We're all considerably excited about the future of Wisconsin basketball, but with just how young this team is right now, how good can it be in 2013? That's the million-dollar question, granted, but I had just that discussion last night with some friends and I couldn't really decide where I stand. I'm tempted to lean toward this year being a potentially underwhelming, they're-just-too-young kind of season. Bronson Koenig, Nigel Hayes and Vitto Brown are exciting, and it'll be sweet to see how much Sam Dekker develops after his freshman season.
But can you really rely on that much young talent, that heavily? Especially with much of it focused in the frontcourt?
One thing that'll absolutely help everything will be the return of a healthy Josh Gasser. After bum luck led him to a torn ACL in practice Oct. 27 (the same day as the crushing, Joel Stave collarbone-breaking loss to Michigan State), Gasser continues to rehab with new strength coach Erik Helland. Mike Lucas has a good look inside that recovery process, as well as a glimpse into Helland, who replaced Scott Hettenbach in May as Wisconsin's head strength and conditioning coach after serving on the Chicago Bulls' staff since 1988. Helland seems cool, even after dropping this kind of weird, kind of funny, generally nice bit of trainerspeak:
"The first time I met him (Helland),'' Gasser recounted, "he said to me, `I love ACLs, I love working with them.' That kind of struck me that he was all in for me and he was going to try and help me out. Personally, every time he talks, I'm listening, I'm taking in everything he says.
Hey, I love ACLs, too. Especially when they're fully intact. Let's keep them that way, eh Josh?
This is a bold take, and the argument is one we've probably all scoffed at before. My crystal ball's a little dusty, but I found this piece from our SB Nation college bros well worth a read. It doesn't just hit on the extremely well-noted concussion and health issues, but also the business side of skyrocketing cable fees and whatnot. There's also this, which is probably the central point:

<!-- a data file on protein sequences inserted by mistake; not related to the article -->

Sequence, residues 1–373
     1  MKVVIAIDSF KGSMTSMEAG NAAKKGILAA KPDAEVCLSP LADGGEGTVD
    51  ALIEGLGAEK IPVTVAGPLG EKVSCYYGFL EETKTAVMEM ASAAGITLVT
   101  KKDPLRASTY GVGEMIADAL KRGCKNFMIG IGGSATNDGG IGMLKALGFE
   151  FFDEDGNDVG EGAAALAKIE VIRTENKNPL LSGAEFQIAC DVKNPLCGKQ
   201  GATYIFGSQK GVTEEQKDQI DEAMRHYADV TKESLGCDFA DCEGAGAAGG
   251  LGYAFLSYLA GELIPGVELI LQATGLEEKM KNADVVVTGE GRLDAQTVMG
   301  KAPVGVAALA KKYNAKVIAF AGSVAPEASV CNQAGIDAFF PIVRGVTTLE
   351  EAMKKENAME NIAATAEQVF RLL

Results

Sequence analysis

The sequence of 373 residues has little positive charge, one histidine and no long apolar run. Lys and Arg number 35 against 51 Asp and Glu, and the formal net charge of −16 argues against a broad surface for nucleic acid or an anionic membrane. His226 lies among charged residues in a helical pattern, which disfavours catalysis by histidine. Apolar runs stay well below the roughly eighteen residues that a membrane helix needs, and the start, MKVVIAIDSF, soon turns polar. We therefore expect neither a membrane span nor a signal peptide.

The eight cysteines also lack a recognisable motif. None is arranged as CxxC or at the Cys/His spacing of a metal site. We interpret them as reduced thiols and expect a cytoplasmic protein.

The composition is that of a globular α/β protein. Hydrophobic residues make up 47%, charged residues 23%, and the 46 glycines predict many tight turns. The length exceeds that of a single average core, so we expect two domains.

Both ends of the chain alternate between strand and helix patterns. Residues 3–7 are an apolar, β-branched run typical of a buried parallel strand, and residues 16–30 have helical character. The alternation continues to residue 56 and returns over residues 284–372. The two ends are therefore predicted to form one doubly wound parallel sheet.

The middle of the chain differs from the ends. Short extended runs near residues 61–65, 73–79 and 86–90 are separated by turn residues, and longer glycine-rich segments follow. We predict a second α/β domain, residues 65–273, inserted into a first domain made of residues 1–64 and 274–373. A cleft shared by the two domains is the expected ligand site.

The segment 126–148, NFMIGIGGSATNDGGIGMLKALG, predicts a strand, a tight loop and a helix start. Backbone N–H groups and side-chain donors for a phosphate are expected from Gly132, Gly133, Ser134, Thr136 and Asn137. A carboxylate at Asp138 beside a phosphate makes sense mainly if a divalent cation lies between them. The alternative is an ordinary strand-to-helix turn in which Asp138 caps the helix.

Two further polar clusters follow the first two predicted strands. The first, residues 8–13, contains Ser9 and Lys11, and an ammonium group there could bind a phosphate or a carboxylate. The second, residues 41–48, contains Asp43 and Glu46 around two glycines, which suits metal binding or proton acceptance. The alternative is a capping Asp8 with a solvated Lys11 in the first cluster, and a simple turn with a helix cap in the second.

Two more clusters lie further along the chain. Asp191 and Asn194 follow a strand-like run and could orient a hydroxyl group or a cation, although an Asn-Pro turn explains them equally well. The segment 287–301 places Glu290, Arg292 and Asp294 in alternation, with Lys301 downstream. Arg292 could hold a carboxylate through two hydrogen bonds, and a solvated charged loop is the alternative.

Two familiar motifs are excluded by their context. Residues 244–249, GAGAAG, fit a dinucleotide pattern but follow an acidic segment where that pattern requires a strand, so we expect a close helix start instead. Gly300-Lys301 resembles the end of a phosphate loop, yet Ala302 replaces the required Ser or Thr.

The biggest problem facing college football comes from within colleges and universities themselves.
College football will die as we know it because within the next two decades colleges and universities as we know them will cease to exist:
Some people, like Harvard Business School professor Clayton Christensen, predict that in as little as 15 years half of the colleges in the United States will be in bankruptcy, upended by online learning and the move to hybrid models in which only select classes are taught in person on campus. Others see more incremental shifts, with virtual learning remaining a tool rather than a transformative technology in higher education.
Yo. I imagine this is a polarizing piece, but that only means the discussion should be fascinating. Is Jon Johnston onto something?
This is big: active players are now part of the likeness lawsuit against the NCAA. Arizona Wildcats Jake Fisher and Jake Smith, Minnesota Golden Gophers Moses Alipate and Victor Keise, Vanderbilt linebacker Chase Garnham, and Clemson cornerback Darius Robinson are the big six, and as Patrick Vint explains, their inclusion is interesting, if not kind of confusing:
The use of everyday players could also counteract one of the NCAA's strongest arguments against class certification. Should O'Bannon successfully argue that players deserve a share of proceeds for the use of their likenesses, the NCAA has claimed that star players would be entitled to damages greater than role players. Such a differentiation may lead the U.S. District Court to deny class certification, effectively derailing O'Bannon's claim and potentially generating a cottage industry of litigation by individual players.
Sweet Dante Hall clips? Check. Sweet Dante Hall .GIFs? Check. Jon Bois with a fantastic Throwback Thursday piece? Check.
This was published yesterday, but it's so much fun that I had to make sure you all saw it. I think we all remember that slim period of time where Hall was purely dominant as a kick returner, and I think many of us would leap at the chance to relive it.